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Vought Recognizes National Aerospace Day


DALLAS. – Vought Aircraft Industries, Inc. pays tribute today to National Aerospace Day, a day that has been set aside by Congress to recognize the contributions of the American aerospace industry to America’s history, economy, security and workforce.

There are two million Americans who are supported by the aerospace industry. While much of the country is significantly struggling economically, the Aerospace Industries Association (AIA) reports that it represents an industry that is relatively stable, hasn’t asked for a bailout, and has the largest positive trade balance of any manufacturing sector.

“National Aerospace Day is important for three reasons,” said Vought President and CEO Elmer Doty. “It’s an opportunity to remind Congress and the administration about the value of the industry; it’s a great day to say ‘job well done’ to all the men and women of the aerospace workforce; and it’s a time to encourage our young men and women to consider a rewarding career in aerospace.”

AIA notes that the aerospace industry’s workforce is highly skilled, leading the United States in global competitiveness. The workers are productive and patriotic citizens, and there are growing opportunities for young people to have an exciting and well-paying career in the industry.

As Vought celebrates National Aerospace Day, the company recognizes its employees for taking great pride in their work, and playing a key role in the research and development of ground-breaking designs, materials and manufacturing processes that have contributed significantly to the aerospace industry.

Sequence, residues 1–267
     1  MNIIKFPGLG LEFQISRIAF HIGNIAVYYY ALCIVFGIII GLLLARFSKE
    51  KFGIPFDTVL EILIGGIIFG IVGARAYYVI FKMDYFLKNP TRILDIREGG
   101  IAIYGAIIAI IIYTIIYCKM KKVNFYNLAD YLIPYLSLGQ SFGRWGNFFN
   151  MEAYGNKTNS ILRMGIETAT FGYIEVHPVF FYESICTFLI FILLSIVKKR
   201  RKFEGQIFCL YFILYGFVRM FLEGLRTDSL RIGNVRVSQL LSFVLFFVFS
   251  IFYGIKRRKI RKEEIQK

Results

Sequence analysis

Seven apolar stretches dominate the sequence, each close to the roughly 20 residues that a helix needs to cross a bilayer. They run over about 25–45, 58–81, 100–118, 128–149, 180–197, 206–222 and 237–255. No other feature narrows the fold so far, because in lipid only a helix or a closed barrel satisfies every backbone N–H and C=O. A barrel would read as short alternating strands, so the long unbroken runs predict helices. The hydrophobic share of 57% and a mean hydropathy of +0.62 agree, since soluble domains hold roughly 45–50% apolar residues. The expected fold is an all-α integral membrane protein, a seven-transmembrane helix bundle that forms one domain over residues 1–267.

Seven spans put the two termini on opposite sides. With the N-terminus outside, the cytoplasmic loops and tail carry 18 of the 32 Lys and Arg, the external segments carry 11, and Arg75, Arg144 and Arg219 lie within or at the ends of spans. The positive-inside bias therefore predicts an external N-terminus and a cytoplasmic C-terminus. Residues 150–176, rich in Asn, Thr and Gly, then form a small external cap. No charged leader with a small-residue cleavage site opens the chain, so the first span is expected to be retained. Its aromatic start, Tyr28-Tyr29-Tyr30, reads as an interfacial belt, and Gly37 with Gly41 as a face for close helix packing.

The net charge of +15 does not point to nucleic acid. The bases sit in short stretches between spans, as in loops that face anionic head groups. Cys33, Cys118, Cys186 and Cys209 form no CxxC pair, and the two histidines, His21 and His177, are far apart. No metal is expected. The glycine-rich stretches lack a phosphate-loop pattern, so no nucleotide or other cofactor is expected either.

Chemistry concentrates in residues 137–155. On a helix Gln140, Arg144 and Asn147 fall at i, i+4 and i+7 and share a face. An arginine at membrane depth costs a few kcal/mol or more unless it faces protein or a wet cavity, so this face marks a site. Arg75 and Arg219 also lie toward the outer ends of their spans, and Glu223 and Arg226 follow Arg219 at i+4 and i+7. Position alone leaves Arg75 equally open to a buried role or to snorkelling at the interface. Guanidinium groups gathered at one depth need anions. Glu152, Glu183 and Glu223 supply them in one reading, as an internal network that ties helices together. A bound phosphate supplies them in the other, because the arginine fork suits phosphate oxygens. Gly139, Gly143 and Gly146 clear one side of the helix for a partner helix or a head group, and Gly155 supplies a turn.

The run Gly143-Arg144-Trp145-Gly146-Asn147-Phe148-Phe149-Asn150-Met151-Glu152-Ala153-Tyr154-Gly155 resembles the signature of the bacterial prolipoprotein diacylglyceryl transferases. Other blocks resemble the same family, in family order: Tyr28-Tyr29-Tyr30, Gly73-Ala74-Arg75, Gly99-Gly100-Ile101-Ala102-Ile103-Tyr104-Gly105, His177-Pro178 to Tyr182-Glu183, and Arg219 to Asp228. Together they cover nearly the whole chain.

Vought also acknowledges the many aerospace companies that are part of the company’s unique heritage. Its family tree includes parts of the former Grumman, Northrop, Stinson, Textron, Avco and Vought companies.

Vought Aircraft Industries was formed in 2000 when Northrop Grumman sold its aerostructures business to The Carlyle Group. The commercial aerostructures businesses of Vought Aircraft Company, Northrop Corporation and Grumman Corporation were integrated into one operating unit as part of the formation of Northrop Grumman Corporation in 1994. In July 2003, Vought merged with Nashville-based Aerostructures Corporation, whose legacy companies include Stinson, Avco and Textron.

Today’s Vought is a major subcontracting partner on many commercial and military aircraft programs – including every Boeing commercial jetliner in production; the popular A330/A340 family of aircraft; and numerous military platforms that help contribute to the security of the United States.

Vought offers a full range of design, testing, manufacturing and support capabilities. It is positioned as a Tier I Integrator – filling the gap between prime contractors and traditional subcontractors by providing large, complex aerostructures on a turnkey basis.


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